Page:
Of the approximately 300,000 buildings in Haiti that were damaged during the January 2010 earthquake, the country’s historic gingerbread houses endured the disaster relatively well. In fact, researchers estimate than only 5 percent of these beloved buildings partially or fully collapsed.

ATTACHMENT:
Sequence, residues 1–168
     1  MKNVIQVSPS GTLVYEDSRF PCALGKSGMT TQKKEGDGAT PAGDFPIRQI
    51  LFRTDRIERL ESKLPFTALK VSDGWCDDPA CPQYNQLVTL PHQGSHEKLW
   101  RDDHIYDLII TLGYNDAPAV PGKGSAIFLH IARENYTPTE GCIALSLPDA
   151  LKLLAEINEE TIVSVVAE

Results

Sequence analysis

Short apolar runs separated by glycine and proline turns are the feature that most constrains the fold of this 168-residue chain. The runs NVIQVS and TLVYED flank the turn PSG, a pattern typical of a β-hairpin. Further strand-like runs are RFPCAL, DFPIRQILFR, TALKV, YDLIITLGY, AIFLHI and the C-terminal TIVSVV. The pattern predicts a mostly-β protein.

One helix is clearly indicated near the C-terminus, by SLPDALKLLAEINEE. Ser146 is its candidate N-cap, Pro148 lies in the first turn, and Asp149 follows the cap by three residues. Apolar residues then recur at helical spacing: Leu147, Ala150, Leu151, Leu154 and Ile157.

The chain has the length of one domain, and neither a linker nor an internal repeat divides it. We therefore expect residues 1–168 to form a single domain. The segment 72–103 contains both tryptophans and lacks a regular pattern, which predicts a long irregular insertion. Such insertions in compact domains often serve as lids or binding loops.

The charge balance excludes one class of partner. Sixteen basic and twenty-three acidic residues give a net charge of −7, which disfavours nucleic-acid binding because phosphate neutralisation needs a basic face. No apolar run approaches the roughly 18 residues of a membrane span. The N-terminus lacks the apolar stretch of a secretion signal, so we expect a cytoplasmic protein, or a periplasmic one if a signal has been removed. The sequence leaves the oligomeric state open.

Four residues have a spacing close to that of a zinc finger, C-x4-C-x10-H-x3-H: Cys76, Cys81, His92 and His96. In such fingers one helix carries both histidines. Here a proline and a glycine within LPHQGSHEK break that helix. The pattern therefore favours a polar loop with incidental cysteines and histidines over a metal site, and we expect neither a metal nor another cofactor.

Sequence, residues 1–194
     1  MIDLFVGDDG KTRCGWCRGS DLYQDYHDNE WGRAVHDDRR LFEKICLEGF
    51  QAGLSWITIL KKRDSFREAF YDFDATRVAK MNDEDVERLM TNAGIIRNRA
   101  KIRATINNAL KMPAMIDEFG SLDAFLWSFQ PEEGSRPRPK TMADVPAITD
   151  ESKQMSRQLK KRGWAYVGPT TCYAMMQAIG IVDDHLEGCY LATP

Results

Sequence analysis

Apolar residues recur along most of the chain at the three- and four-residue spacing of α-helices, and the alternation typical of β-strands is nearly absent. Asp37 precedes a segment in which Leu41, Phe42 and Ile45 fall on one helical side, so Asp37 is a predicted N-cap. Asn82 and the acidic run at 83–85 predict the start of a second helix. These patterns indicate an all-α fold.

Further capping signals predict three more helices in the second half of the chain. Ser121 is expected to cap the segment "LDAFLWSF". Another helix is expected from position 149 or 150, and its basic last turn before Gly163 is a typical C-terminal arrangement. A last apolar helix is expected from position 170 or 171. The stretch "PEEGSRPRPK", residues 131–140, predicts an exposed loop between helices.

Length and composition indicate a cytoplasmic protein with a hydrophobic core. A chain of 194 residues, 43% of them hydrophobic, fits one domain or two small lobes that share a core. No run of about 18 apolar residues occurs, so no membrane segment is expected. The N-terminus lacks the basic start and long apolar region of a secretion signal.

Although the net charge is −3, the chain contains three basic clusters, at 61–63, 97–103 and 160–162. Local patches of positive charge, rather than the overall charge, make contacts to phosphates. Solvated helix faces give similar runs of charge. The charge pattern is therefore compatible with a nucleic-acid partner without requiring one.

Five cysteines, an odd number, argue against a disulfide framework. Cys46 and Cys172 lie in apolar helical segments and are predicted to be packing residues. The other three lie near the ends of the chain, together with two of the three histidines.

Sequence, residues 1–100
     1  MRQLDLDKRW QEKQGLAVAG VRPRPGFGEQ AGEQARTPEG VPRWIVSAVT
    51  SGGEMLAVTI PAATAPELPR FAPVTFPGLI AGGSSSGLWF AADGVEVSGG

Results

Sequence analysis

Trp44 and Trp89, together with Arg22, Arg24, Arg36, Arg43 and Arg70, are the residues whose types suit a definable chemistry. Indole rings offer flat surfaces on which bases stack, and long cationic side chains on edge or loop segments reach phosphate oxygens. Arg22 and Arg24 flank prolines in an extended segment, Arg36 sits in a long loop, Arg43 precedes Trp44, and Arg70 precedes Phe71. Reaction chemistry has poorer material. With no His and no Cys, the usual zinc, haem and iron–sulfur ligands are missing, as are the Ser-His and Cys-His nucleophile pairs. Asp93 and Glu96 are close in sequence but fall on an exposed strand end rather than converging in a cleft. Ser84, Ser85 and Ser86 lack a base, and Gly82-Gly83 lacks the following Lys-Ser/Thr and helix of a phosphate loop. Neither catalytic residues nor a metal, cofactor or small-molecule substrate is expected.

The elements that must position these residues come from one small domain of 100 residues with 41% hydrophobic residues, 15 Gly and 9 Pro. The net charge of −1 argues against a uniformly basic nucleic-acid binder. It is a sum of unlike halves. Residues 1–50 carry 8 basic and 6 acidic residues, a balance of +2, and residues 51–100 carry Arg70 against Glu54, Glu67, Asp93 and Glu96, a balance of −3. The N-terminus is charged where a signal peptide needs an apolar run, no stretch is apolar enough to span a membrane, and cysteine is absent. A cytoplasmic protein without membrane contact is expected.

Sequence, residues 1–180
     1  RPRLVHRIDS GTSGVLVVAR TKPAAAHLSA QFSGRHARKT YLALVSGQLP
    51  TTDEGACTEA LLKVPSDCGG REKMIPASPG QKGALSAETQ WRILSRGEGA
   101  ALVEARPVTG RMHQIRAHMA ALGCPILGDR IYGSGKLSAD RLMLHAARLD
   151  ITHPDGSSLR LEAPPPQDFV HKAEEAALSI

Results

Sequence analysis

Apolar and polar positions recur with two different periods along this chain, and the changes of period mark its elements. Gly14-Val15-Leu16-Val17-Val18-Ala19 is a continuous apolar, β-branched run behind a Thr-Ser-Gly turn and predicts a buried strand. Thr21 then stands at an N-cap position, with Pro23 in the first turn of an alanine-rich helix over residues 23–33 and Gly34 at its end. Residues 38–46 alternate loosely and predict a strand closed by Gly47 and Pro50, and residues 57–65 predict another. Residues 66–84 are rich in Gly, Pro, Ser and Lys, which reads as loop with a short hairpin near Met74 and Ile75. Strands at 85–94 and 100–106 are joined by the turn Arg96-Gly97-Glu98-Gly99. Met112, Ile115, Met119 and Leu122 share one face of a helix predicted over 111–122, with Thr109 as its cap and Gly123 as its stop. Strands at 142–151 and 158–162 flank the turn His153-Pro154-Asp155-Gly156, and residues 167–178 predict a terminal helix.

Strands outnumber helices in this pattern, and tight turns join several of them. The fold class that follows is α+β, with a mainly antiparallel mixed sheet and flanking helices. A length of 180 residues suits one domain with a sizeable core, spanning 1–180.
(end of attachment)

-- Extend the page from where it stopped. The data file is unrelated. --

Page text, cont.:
As the country slowly rebuilds, lessons could be learned from these charismatic dwellings built more than a century ago. A report released this year by the International Council of Monuments and Sites (ICOMOS) and the World Monuments Fund (WMF) states that traditional Haitian construction—particularly braced timber framing and colombage, which features that same framing with masonry infill—withstood seismic loads far better than more recent structures made with rigid Portland cement. These findings were based on an April 2010 survey of approximately 200 gingerbread houses in the Port-au-Prince neighborhoods of Bois Verna, Pacot, and Turgeau. The study was produced with support from the Amsterdam-based Prince Claus Fund and the Haitian organization Fondation Connaissance et Liberté (FOKAL).